Skin retouching in Lightroom Classic 2023... Easily soften, smooth, & retouch tutorial
My daughter she’s probably going to kill me for this Lightroom tutorial because she had this gigantic, dry, flaky skin right in the middle of her forehead on the day of this photo shoot.
But that’s okay because we have Lightroom, which will allow us not only to smooth the skin but remove blemishes directly in Lightroom.
And hopefully, she will forgive me once I’m done teaching you how to remove blemishes and soften the skin in Lightroom.
Hello, my name is Chris Parker, and I’m here to help you elevate your photographic skills.
Retouching and smoothing the skin is super duper easy once you know how to use the retouching tools in Lightroom, but there’s one problem.
The editing techniques I’m sharing with you today are available only in Lightroom Classic. So if your interface looks like this, you are all set. However, if your interface looks like this, then you’re not using Lightroom Classic, but instead Lightroom. Confusing I know.
So if you don’t use Lightroom Classic and wish to learn how to smooth and retouch skin in your version of Lightroom, let me know in the comments below.
END OF T.H. + FIRST EDITING TOOL: TEXTURE
When it comes to smoothing and retouching skin, there are four editing tools you can use to fix the skin. The first one is adjusting the Texture.
So when you adjust the texture slider to the left, that’s going to begin affecting the medium-sized detail of the skin, and it reduces the contrast, which gives the impression that you are smoothing the skin.
But the problem with doing it in the basic panel In Lightroom Classic is it’s a global editing tool. In other words, it’s affecting the entire image.
So not just her face, but her hair and the leaves and the background and everything else becomes smoother, and that’s not how you should retouch portraits. Instead, you want to target just the skin and only the skin. This means you also need to avoid the lips, the eyes, and the eyebrows. This way, they stay sharp. Otherwise, your images will look fake if every part of the face is smooth.
And targeting just the skin is really easy with the AI tools that we have in Lightroom Classic. To start the process of selecting the skin, click on the Masking icon, and Lightroom will automagically find the person or persons in your image.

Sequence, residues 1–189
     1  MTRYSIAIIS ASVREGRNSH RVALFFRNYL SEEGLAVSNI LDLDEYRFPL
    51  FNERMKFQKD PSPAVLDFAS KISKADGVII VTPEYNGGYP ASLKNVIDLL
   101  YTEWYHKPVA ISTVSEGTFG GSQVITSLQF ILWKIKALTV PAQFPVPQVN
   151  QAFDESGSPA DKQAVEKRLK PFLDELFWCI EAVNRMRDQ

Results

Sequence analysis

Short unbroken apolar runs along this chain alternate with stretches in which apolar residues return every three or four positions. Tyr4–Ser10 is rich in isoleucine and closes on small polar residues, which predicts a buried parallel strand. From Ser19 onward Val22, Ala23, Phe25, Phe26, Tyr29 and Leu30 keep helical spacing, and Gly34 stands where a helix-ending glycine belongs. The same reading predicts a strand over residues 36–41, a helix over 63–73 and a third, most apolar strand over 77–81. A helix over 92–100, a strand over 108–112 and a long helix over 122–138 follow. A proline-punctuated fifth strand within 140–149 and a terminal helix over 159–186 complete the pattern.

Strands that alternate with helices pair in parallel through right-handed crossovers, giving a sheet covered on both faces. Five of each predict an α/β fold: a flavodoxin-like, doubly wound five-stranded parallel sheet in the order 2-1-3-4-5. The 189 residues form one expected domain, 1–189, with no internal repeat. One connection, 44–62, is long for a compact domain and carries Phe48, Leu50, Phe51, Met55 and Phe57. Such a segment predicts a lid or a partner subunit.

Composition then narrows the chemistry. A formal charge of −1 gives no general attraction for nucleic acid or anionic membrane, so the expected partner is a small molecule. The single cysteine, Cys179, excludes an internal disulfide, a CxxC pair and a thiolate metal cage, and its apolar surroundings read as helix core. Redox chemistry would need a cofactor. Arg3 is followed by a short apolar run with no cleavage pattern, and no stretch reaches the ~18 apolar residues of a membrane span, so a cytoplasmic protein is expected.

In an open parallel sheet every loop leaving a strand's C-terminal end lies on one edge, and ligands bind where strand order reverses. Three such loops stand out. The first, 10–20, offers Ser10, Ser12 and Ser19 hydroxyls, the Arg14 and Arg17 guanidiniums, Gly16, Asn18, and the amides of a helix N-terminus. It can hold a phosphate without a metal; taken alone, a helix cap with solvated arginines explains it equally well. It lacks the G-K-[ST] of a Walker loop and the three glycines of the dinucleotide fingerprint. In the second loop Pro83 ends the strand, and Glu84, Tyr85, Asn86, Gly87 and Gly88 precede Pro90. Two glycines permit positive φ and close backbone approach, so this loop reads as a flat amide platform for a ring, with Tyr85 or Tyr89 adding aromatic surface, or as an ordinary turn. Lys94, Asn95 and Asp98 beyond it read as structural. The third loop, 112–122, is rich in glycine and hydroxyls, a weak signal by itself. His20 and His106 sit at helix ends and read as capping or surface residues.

And check this out, if you click on the person you want to edit, Lightroom will find the face skin, the eyebrows, lips, and hair, oh my… how. Cool. is that? I love it.
Now, at this point, you don’t have a Mask until you select the areas you want to target and click the Create Mask button.
But before I do that, we have one problem. When I hover over the hair option, you can see the Mask overlay is, including the leaf that she is holding. So, what Lightroom selects is not always going to be perfect, and you may need to add or remove from that Mask accordingly. So, I’m going to select the Face Skin, and Create the Mask and now let me show you how to refine the Mask.
EYES ARE OUT-OF-FOCUS
Now, real quick, I need to point out something you probably already recognized, and that is the image is out of focus.
So I did have the focus point on her eye, at least I thought I did, but it focused more on her hand vs the eye.
But if you take a look at my final edit here, you can see that the eye is now in focus. How did I do that? Well, I’ll explain how I did that later on in this tutorial.
To refine the Mask, you’ll either add to it or subtract from it with these buttons here. And then, from here, you can choose from one of these many tools.
In this case, I’m going to select the brush, and then I can click and paint around the areas that need to be removed from the Mask.
Now, part of the leaf has been included in the Mask as well, so, let me show you a quick editing tip on making the process of refining your Masks easier. And that is done by turning on Auto Mask.
So, Auto Mask will make refining your Mask more precise with it turned on vs. off, and here’s how it works.
Once you click and begin applying the brush, in this case, inside of the leaf, Lightroom will take note of the colors, texture, and contrast, and if it comes across an area that is different, like the skin, it will not affect that area.
And one more quick tip, if you make a mistake by removing too much of the Mask, you can invert your brush to add it back by holding down your Alt or Option key, depending on if you’re using a Mac or PC and then you can brush back the Mask as needed.
Ok, now that the skin is properly selected, you can adjust the Texture slider according to your personal preference. For me, I typically set it to around minus twenty-five to minus fifty, depending on the image.
Ok, so now that the skin is smoother, we still have some work to do, and that is to remove the blemishes since Texture isn’t designed to remove them completely.
The retouching tools can be found by clicking on this band-aid icon or using the keyboard shortcut, which is the letter Q. So we have three retouching tools, which are the Clone, Heal, and Content-Aware, and you may need to use one, two, or possibly all three to remove skin blemishes.